Our immune system consists of two types of response: the innate immune system can respond very quickly to invading pathogens but is non-specific, and the adaptive immune system is able to build a specific defense against a given foreign agent but takes longer to initially develop. HIV manages to successfully evade both these systems. VIDD affiliate investigator Dr. Michael Gale and colleagues previously showed that HIV infection induces destruction of the immune protein interferon regulatory factor 3 (IRF-3), which is involved in nearly all innate immune responses. Now, the researchers have expanded on that study to further dissect the molecular basis of HIV’s suppression of the innate immune system.
The scientists, which also included VIDD co-director Dr. Julie McElrath and affiliate investigator Dr. Florian Hladik, used a cell culture system, infecting human cells with HIV in vitro, to show that the HIV protein Vpu binds to and targets IRF-3 for degradation by the lysosome, organelles that normally break down cellular waste. The researchers also looked at HIV strains missing Vpu, and found that cells infected with this deficient virus were able to mount a robust innate immune response, suggesting that Vpu is wholly responsible for masking the virus from recognition by our innate immune system. These results indicate that Vpu or IRF-3 might be a target for therapies that aim to boost our innate immunity against HIV-1 infection.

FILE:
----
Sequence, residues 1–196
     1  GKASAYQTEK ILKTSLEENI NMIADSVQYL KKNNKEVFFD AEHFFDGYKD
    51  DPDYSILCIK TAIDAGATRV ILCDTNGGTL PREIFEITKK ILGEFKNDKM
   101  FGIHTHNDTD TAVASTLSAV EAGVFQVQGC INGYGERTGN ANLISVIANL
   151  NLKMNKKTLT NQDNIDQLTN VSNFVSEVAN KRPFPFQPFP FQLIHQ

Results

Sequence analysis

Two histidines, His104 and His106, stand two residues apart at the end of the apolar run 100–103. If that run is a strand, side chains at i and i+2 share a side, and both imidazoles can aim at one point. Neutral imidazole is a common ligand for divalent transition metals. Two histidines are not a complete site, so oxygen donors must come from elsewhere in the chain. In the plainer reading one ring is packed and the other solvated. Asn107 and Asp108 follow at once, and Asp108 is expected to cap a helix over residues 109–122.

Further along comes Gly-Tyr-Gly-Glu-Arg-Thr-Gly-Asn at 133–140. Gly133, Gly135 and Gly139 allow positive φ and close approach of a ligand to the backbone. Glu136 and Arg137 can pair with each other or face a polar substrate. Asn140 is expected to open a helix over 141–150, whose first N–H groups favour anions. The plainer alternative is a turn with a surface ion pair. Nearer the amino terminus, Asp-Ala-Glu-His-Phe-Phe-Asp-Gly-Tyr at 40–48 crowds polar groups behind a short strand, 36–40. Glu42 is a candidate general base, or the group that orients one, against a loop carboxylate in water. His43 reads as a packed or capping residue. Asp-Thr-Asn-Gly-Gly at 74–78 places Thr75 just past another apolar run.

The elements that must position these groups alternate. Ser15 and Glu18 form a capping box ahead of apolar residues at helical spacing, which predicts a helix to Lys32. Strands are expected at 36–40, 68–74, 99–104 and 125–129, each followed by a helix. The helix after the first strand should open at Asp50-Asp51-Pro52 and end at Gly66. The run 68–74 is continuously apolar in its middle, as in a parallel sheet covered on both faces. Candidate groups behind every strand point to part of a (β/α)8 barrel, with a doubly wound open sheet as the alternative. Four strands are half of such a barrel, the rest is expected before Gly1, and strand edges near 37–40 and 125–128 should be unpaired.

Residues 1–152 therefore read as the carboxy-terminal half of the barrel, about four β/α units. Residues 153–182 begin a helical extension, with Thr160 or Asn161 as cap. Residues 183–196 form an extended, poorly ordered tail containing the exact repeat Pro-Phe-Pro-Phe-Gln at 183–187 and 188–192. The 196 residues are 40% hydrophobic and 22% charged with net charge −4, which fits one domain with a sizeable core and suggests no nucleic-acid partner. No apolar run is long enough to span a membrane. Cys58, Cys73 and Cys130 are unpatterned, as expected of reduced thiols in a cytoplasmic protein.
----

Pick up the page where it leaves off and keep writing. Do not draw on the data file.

Vpu deficient HIV strains stimulate innate immune signaling responses in target cells. Doehle BP, Chang K, Fleming L, McNevin J, Hladik F, McElrath MJ, Gale M Jr. J Virol. 2012 May 30.
Vpu mediates IRF3 depletion during HIV infection by a lysosomal-dependent mechanism. Doehle BP, Chang K, Rustagi A, McNevin J, McElrath MJ, Gale M Jr. J Virol. 2012 May 16.